“World Regional Geography really opened up the world for me,” Larson said. “It was the first textbook I ever read cover to cover. It was fascinating, and it showed me a different direction that I could go. I had taken drafting courses for engineering. I found that drafting work also fit well with a geography degree. And that was pretty much it.”
Larson switched majors and never looked back.
“My favorite class was Field Techniques – Geodata Collections,” he said. “We went on field trips and looked at the landscape. We collected data and made sense of it, and then drew maps to put it all together as something coherent.”
As a graduate student, Larson interned with National Geographic.
“I worked for Traveler magazine, and I did a number of maps that were published in the magazine,” Larson said. “That was the best thing I had done in my life to that point. I thought if I could continue doing (that type of work) I’d be happy for the rest of my life.”
Shortly after his internship, Larson was hired as the manager of Oklahoma State University's Cartography Services in November 1996. During his tenure, map-making in Cartography Services evolved from hand-drawn techniques to map creation via computer.
“I can’t even tell you how many thousands of maps I’ve created,” said Larson.
Alyson Greiner, head of the Department of Geography, said Larson’s contributions are not limited to map-making.
“The department is incredibly fortunate to have Michael Larson,” Greiner said. “His leadership has significantly energized the professional operation of OSU Cartography Services. Michael goes above and beyond in the work that he performs, and he is always willing to lend a helping hand. He is a tremendous asset to our department.”
Larson describes cartography as “a formal discipline that looks at maps and map creation, as well as maps as both scientific documents and works of art. Cartography is about making and studying maps as tools for communication.”
The Cartography Services unit started out as a resource for faculty. The unit created maps and graphics for journal and book publications, as well as classroom media.
“That is still at the core of what we do,” Larson said. “But now we also help facilitate field data collections for research.”
Greiner detailed the many ways Larson’s contribution has helped elevate the services.
“Under Michael’s guidance, Cartography Services has developed an outstanding reputation across the university for the production of high-quality maps, research posters, and GIS products that are used in both research and instruction,” Greiner said. “Michael has also played an important role in securing and directing contracts with outside government and private organizations to support their cartographic and GIS needs.”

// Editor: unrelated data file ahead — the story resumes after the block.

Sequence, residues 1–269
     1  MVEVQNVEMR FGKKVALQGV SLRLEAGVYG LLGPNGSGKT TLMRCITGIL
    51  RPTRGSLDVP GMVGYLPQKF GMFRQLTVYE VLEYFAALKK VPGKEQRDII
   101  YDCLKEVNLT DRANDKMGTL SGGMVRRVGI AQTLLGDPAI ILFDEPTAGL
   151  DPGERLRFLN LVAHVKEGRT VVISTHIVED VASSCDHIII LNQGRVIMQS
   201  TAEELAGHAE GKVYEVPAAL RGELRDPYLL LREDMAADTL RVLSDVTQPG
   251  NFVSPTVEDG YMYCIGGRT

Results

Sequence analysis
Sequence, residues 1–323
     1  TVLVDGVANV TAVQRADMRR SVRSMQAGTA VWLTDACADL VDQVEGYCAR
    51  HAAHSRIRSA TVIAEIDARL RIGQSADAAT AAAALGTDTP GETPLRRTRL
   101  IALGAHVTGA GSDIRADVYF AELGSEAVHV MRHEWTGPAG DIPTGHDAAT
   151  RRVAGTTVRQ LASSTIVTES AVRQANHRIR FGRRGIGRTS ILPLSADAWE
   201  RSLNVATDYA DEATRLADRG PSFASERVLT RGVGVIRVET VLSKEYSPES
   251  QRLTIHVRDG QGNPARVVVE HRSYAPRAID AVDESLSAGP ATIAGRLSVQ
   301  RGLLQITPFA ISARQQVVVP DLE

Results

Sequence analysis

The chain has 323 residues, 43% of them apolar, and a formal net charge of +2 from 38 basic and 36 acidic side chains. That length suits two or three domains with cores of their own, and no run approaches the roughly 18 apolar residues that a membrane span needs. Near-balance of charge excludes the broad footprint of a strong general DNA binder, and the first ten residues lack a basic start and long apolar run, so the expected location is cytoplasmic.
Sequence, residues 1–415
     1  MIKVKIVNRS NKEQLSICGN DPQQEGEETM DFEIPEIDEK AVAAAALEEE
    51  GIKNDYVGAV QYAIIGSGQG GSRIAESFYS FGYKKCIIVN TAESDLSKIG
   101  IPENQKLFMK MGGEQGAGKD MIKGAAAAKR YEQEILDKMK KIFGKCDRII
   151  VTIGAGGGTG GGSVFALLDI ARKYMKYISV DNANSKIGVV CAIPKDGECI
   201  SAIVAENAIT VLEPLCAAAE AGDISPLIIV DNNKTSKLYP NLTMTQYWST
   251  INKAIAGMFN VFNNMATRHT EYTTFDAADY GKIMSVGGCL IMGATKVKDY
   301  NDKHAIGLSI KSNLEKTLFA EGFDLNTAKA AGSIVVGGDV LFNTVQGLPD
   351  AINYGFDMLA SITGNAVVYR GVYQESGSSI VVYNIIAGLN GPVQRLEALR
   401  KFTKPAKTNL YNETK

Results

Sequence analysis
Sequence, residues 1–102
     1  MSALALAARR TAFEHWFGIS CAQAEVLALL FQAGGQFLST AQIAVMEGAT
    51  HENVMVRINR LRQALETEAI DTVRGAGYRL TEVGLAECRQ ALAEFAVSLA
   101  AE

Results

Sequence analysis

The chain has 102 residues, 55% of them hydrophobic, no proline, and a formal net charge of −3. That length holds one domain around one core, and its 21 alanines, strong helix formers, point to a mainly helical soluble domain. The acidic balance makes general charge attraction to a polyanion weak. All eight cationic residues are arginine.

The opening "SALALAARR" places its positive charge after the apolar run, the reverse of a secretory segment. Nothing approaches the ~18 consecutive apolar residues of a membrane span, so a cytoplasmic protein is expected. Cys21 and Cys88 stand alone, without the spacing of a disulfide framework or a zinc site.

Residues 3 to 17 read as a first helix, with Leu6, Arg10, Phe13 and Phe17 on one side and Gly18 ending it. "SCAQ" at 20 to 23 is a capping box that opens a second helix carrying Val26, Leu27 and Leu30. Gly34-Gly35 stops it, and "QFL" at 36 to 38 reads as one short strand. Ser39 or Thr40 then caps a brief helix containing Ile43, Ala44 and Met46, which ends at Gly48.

Larson supervises students on both institutional and external projects. Working on real-world projects provides invaluable experience to students.
“For instance, Cartography Services worked with the State Historic Preservation Office on a long-term project,” Larson said. “Students and staff located latitude and longitude for landmark properties in the state history landmark inventory.”
The project continued for 10 years. Other examples include digitizing soil maps for 70 of the 77 Oklahoma counties for the U.S. Department of Agriculture Natural Resources Conservation Service, and working on 24 projects with the Association of American Petroleum Geologists.
The most rewarding part of Larson’s job is working with students.
“In addition to working as the cartography manager, I teach a computer cartography class,” Larson said. “When I discuss a concept with a student, and they finally get it, they get this look in their eyes. The biggest reward is seeing that look, and knowing that they get it, and that they’re going to take that with them for the rest of their lives.”
Larson has seen many changes to cartography in his career, and looks forward to technological advances in the future.
“Still, on-site surveying will always be necessary,” Larson said. “Someone is going to have to go out and kick the leaves and find the valve for a pipeline. You have to have quality people that know how to utilize technology and know when technology has limitations. That’s where our students come in. What we teach them and how we train them works not just in this discipline, but all disciplines.”
Larson frequently meets with former students at professional conferences and when working in industry.
“It’s kind of like homecoming,” Larson said. “Many of our students are at a point now where they are beginning to come back and mentor new students.”
During Larson's tenure, his work connecting with and mentoring students, both during school and during their careers, has helped build a program that goes full circle to provide the personnel, resources, and opportunities that will keep it going in the future.